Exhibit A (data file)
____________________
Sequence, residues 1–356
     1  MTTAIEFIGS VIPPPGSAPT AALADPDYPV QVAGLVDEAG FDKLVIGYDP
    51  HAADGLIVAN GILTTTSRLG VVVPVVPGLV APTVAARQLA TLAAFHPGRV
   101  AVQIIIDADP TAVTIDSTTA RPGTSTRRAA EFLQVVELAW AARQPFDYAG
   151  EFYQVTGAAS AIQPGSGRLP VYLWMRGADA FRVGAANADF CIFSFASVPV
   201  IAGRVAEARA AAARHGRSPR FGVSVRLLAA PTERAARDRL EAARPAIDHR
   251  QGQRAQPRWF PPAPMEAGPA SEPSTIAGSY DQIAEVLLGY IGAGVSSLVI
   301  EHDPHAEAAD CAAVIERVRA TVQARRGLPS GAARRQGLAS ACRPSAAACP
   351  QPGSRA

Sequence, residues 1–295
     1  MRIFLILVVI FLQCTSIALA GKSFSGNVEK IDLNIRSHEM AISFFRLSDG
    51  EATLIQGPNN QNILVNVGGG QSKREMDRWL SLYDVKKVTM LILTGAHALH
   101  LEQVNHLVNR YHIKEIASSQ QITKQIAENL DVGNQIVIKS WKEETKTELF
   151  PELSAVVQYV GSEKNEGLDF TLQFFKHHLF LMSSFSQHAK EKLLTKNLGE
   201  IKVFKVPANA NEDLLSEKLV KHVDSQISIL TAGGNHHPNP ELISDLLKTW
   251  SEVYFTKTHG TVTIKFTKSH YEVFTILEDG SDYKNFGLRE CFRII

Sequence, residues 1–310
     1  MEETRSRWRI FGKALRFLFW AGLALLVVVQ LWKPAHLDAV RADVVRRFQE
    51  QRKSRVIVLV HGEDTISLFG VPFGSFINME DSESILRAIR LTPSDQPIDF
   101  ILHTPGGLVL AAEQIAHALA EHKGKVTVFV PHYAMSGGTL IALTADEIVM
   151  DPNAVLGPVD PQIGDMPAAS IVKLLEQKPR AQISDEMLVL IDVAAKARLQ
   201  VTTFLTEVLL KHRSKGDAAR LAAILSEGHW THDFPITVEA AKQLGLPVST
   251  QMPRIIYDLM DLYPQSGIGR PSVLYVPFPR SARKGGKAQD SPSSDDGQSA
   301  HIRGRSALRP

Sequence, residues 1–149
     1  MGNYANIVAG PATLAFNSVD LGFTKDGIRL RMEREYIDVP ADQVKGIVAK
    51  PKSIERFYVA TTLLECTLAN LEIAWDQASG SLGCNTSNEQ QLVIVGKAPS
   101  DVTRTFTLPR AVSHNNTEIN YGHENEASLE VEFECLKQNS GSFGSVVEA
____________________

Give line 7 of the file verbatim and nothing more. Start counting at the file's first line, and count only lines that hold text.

   251  QGQRAQPRWF PPAPMEAGPA SEPSTIAGSY DQIAEVLLGY IGAGVSSLVI